Indeed, as with all things in life this greatness of knowledge is also relative. Knowledge is Great because it is (1) greater than the sum of its specialised subdivisions and (2) greater than the scope of a singular human lifespan.
Correspondingly, when the people realise that: (1) what they know is a only a tiny fraction of what is out there and (2) that try as they might, they never can know it all, a deep dissatisfaction develops among them as members of a naturally and terminally curious species. Moreover, because knowledge and work often travel in tandem, this dissatisfaction resulting from the impossibility of attaining perfect knowledge is often carried forward, infecting the specialist's work and its ultimate output with an ideology that pervades much of the material world today.
Call it an overstatement if you will, but even the Oxford Martin Commission for Future Generations agrees that this ideology of discounting effort towards long term goals (because the long term is uncertain and requires thinking in terms of an increasingly incomplete and therefore imperfect knowledge) is the primary cause of global financial crisis, terrorism, poverty, procrastination, unemployment, diseases and maybe even dandruff.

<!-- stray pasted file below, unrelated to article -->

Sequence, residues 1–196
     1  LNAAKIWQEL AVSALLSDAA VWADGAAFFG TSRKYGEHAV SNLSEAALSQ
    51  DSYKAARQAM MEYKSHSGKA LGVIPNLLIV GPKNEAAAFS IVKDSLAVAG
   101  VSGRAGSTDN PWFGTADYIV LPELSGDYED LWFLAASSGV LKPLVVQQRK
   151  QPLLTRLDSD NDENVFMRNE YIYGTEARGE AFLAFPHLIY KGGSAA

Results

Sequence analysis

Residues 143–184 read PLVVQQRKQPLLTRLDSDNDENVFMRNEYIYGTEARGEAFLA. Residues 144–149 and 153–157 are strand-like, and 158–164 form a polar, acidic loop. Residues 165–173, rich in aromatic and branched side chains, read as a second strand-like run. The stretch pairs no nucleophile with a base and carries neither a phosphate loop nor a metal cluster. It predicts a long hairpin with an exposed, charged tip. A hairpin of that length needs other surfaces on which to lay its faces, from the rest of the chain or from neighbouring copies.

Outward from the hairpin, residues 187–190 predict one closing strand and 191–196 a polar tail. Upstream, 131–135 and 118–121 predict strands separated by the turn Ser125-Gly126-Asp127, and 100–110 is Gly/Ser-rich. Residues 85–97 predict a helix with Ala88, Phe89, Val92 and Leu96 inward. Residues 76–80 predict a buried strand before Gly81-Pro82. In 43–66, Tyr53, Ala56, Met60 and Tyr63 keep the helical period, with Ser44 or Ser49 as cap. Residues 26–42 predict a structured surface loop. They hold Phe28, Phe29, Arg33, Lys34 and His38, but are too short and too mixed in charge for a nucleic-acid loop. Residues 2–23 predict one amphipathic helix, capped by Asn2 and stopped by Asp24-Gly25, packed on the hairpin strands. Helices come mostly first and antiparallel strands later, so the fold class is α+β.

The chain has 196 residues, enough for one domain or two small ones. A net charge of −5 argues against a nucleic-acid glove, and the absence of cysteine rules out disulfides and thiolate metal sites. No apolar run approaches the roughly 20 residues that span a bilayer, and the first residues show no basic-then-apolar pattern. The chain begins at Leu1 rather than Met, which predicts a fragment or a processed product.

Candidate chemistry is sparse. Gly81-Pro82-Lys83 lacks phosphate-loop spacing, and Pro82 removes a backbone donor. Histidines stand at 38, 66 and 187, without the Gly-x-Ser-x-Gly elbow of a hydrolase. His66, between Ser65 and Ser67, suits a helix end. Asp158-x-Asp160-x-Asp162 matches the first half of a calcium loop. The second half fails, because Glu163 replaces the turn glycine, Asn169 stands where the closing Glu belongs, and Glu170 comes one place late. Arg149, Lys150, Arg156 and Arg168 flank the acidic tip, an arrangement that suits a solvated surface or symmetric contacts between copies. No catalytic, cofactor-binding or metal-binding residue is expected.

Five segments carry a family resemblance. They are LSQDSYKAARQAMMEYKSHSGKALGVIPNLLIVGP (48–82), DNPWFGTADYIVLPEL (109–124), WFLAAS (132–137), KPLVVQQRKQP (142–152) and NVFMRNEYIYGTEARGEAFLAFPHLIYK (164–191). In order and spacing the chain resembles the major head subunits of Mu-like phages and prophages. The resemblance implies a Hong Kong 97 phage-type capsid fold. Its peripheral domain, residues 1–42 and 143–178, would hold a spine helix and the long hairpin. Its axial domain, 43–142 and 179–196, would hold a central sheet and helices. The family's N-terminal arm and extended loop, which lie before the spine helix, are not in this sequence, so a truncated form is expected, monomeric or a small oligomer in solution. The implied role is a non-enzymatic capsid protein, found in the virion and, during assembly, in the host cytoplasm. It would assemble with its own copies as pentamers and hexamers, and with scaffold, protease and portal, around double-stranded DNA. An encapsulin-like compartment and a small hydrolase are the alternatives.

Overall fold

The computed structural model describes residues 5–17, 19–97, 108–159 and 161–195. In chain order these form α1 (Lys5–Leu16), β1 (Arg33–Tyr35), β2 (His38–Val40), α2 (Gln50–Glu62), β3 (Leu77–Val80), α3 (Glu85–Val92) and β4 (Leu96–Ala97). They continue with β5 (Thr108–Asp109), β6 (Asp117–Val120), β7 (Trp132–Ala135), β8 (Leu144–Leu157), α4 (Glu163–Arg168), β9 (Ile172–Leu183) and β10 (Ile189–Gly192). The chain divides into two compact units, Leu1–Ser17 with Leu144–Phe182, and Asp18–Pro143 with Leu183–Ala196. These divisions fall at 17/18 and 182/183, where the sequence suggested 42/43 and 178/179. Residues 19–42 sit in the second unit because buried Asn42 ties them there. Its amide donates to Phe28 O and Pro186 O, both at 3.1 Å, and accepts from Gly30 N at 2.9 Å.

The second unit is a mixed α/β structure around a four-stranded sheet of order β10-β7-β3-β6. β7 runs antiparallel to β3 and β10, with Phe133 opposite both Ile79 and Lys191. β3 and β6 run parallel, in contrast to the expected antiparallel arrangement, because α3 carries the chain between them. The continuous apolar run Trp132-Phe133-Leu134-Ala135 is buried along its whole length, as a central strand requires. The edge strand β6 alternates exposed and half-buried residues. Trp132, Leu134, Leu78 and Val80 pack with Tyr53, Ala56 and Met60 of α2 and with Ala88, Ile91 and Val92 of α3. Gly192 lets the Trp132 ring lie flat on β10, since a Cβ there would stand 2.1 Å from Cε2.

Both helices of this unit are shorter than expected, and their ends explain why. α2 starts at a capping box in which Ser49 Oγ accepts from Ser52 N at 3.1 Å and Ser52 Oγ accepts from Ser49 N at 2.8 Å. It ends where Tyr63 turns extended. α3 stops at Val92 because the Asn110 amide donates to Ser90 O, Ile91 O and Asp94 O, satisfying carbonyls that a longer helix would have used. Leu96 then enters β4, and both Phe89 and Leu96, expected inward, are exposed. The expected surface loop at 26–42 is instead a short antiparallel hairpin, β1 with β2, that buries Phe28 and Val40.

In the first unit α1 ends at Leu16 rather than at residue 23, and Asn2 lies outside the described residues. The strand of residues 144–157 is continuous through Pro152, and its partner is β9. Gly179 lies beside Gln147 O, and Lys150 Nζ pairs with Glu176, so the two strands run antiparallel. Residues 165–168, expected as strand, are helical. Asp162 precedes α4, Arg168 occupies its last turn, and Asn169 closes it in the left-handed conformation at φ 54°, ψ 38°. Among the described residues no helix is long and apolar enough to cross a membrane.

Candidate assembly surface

We might have varying definitions of the scope of perfection, but there few exceptions to the generalisation that humans seek forever higher ideals, and when these ideals seem unattainable, we change them to something attainable, settling for a little less than the absolute possible in the process. The focus on short and medium term is rife while the attention to longer term suffers. Specialisation is to be blamed for this short-termism.